Last week, I had an overwhelming desire to withdraw from everything. Like the mustard-hued sludge the EPA workers inadvertently released down the Colorado River, my emotions colored and flooded my mind. My mother’s recent death; the humbling number of edits necessary to make my manuscript work and the start of the back-to-school shuffle, all put me in a draining state of high-alert.
I needed to slow down. I needed to read. I needed to rest.
Like the early spring plants, fiddlehead ferns, I needed to curl up tightly before I could unfurl into the lacy frond capable of freely greeting the world.
This is not the first time I’ve had a deep need to retreat.
At the end of my marriage, I withdrew. I withdrew from my husband and even from my children. The tension and internal conflict I felt in my husband’s presence was almost unbearable. I physically withdrew by hiding out in my home office or by spending extra time at the gym, but withdrawal does not require you to leave the room. One of the hardest things I ever endured hearing was a stranger telling me that my kids said, Mom is there but not really there. Meaning, I was physically present but not really tuned in to them. Ouch. I hadn’t realized how detached I had become.
Why introvert’s retreat
An introvert’s first home is within. According to authors (Intimacy and Type) and marriage therapists, Jane Hardy Jones and Ruth G. Sherman, introverts are always receiving and processing information from two sources: their inner world and the outer world. Hence, the predisposition to become overstimulated easily. Our best abilities (thinking or feeling or sensing or intuiting) are aimed at our inner worlds. Engaging and negotiating with the outside world with our second-best functions is daunting and draining. We need to be alone in order to eliminate stimulation, process for clarity and replenish our energy.
We need a safe space in order to engage. The less safe and more vulnerable an introvert feels, the less they tend to share. We need to feel especially secure and confident before revealing our personal thoughts. Critical and judgmental people will push us further into ourselves. It is extremely difficult to be around people who cause us inner conflict. If we dislike or often disagree with someone but have to pretend we don’t (think co-worker or family member), this will cause dire fatigue for the introvert. So much so, that we will want to escape from the place and person involved.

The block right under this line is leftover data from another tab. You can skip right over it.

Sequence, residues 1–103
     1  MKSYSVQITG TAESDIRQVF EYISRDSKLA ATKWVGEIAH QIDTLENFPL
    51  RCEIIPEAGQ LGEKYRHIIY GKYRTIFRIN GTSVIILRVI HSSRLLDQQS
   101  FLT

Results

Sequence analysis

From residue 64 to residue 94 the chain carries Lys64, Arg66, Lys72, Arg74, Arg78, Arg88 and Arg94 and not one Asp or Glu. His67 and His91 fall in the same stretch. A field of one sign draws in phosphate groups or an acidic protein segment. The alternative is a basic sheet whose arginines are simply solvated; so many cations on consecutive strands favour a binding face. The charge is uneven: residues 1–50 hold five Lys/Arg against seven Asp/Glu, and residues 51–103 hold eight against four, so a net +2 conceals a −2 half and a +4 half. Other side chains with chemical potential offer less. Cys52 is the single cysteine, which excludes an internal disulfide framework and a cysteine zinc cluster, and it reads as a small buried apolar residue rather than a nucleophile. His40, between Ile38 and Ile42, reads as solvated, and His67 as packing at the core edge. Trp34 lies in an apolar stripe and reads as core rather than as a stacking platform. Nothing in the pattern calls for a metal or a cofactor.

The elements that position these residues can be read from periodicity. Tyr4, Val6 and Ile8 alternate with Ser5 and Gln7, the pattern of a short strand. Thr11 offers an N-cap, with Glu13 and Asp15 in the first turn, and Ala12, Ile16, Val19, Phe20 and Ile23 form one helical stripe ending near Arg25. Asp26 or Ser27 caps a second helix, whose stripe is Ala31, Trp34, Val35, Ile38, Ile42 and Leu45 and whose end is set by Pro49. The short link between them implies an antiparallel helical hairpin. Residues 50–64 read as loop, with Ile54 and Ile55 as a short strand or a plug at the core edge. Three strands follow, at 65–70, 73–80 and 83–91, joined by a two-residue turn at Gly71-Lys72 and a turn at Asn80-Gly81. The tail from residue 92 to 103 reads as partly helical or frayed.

Our creative energy exists inside us. Introverts thrive on stillness. Within stillness ideas bubble up and our inner voice whispers vital messages we can hear. These vital messages need expression. They are the basis of our creativity. Withdrawal leads to self-awareness and ultimately our creativity.
We have to clear emotions. Emotions can get the best of a sensitive introvert. They swell and flood our brain. Added stress or stimulation only prolongs the emotional overwhelm. Processing and alone time are crucial to recovery and relief from the flood. We get ourselves together by moving away from the genesis of the emotional tidal wave. Solid sleep goes a long way towards relieving emotional exhaustion as well.
We are navigating change or the unknown. If there is a lot of change going on in our lives, we may hole up for a while in order to sort through what is going on and prepare ourselves for new situations. Introverts like to be prepared. Prior knowledge soothes our sensitive systems. We require space to mentally work through the process of meeting new people, navigating unfamiliar places and surviving different experiences. At first, new situations will feel overwhelming, possibly driving us underground to recharge and sift through all the foreign material filling our minds. But, as Emily White says in her article on QuietRev.com titled, Leave Your House, Change Your Life, newness is only overwhelming in the beginning. After a couple of sessions with a new situation, you will have information to draw from and a much better idea of what to expect.
It’s a challenge to retreat
As many of us already know, it is difficult to ask for and obtain time to re-charge. Almost everyone in your immediate circle will ask and expect you to keep on plugging on. They’ll expect you to get over
Although I didn’t get a real break last week, I did spend quality time with generous, positive, and inspiring friends this week. The emotional flooding is beginning to subside.whatever is bothering you and be there for them with a smile. The message being that self-care is selfish. The message being that work and others are always first. Introverts spend a fair amount of time feeling bad for needing a break.
I know there will be more healing space in my near future.
What needs to happen after the withdrawal?
I felt extra sensitive and tired last week. I was burned out when my marriage ended. Both times I wanted to fill myself up with swaths of uninterrupted time, positive support, meaningful work and expansive ideas. While it’s vital to take time for self-care, eventually space needs to lead to action. In my follow-up post next week, I will talk about why it is important to minimize withdrawal and re-join life.
What makes you want to withdraw? How does your need for space affect those you love? What gets you out of this mode?
If this post spoke to you in a meaningful way, please pass it on.
Written by Brenda Knowles
Brenda Knowles is a personal coach who helps introverts gain confidence to be their true selves and enhance intimacy and understanding in their relationships. Learn more at BrendaKnowles.com.
This article has been republished from Brendaknowles.com, click here to view the original copy.